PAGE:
Transferrable Skills

-108 Analysis, Synthesis, Critical Judgement and Evaluation The ability to identify issues, assimilate, evaluate and analyse information to construct written or oral solutions to a problem by bringing together and integrating relevant information, and selecting key material, from a variety of different sources. The ability to present arguments for and against propositions, acknowledging ranking of sources and relative impact in context. Such skills are developed within this module through the following activities: participating actively in seminars and on line, and in submission of a coursework essay based on theoretical problems in law. Personal Management, Independence and Ability to Learn The ability to organise and prioritise effectively the expenditure of time and effort in the performance of all aspects of student work. The ability to learn effectively and be aware of their own learning strategies; to manage their own learning development and to reflect upon their learning, seeking and making use of feedback. Such skills are developed within this module through the following activities: participating actively and preparing for seminars on a weekly basis, and in submission of a substantial coursework essay on time towards the end of the semester. Communication and Literacy The ability to communicate information, ideas, advice and choices in an effective and succinct manner and in plain English without losing focus on key issues. The ability to listen and question effectively, to give and receive feedback and to make presentations addressing an allocated topic within the prescribed time frame. The ability to communicate both orally and in writing (and, where appropriate, by the use of electronic means) using the English language accurately by creating work which is comprehensible to the intended audience. The ability to create documents which are analytical, descriptive and inquisitive using appropriate terminology and recognised methods of citation and reference. Such skills are developed within this module through the following activities: participating actively in and preparing for seminars on a weekly basis and in submission of a substantial coursework essay on time. Numeracy, Information, Technology and Teamwork Where relevant and as the basis for an argument, the ability to present and evaluate information provided in numerical or statistical form. The ability to produce and present in an appropriate form a word-processed essay or other appropriate format. The ability to conduct efficient searches of websites to locate relevant information; and exchange documents by E-mail. The ability to work productively and cooperatively in different kinds of groups; to establish working relations with others, defining, sharing and delegating responsibilities within the group. Such skills are developed within this module through the following activities: collectively preparing for seminars on a weekly basis and individually submitting a substantial coursework essay on time.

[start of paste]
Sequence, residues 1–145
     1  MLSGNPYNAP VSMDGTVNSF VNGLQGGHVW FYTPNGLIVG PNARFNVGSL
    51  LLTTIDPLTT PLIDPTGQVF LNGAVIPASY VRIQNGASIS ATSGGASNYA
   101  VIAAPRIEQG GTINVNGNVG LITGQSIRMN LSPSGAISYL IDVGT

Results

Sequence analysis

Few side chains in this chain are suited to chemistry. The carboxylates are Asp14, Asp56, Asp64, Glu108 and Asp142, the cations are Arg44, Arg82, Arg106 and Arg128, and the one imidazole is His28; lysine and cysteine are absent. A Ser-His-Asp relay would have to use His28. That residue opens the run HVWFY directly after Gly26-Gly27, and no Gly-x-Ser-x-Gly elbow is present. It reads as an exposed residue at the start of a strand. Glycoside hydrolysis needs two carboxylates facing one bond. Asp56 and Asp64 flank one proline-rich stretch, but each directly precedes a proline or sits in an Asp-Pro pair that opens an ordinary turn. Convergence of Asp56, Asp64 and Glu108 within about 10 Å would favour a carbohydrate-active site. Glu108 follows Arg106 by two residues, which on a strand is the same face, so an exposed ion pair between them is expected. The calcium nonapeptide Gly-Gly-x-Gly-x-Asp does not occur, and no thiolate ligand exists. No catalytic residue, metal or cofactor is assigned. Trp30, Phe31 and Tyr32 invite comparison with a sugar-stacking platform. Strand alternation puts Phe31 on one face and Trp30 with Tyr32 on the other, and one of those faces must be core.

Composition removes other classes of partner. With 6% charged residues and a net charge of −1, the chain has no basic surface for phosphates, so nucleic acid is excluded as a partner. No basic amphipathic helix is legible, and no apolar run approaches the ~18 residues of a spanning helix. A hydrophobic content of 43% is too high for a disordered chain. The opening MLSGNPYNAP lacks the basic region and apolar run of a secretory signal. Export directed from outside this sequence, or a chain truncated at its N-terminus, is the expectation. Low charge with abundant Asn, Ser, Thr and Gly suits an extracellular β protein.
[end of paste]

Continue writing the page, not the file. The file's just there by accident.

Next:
Module Structure

Activity Total Hours
Assessment (PT) 30.00
Independent Learning (FT) 35.00
Independent Learning (PT) 49.00
Assessment (FT) 30.00
Lectures (FT) 24.00
Seminars (FT) 11.00
Lectures (PT) 21.00

Assessment Methods

Component Duration Weighting Threshold Description
Exam (Exams Office) 2.00 60.00 35% Unseen Exam
Coursework 0.00 40.00 35% 2000 word essay